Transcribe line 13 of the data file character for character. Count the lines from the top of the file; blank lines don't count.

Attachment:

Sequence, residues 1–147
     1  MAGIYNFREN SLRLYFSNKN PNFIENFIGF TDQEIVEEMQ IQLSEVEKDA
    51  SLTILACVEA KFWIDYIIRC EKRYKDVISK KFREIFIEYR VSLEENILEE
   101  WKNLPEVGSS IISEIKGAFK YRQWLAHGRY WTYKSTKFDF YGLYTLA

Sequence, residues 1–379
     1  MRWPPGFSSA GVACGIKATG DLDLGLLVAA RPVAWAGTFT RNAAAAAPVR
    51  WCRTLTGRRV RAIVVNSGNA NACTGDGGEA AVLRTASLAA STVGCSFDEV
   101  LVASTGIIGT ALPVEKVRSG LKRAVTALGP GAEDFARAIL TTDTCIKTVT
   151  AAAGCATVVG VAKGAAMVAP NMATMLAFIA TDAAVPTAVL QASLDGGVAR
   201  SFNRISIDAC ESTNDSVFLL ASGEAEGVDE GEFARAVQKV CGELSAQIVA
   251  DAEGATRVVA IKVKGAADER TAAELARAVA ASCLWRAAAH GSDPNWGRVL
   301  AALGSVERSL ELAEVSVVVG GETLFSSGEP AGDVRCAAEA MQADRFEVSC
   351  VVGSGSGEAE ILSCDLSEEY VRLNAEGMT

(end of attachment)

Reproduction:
   351  VVGSGSGEAE ILSCDLSEEY VRLNAEGMT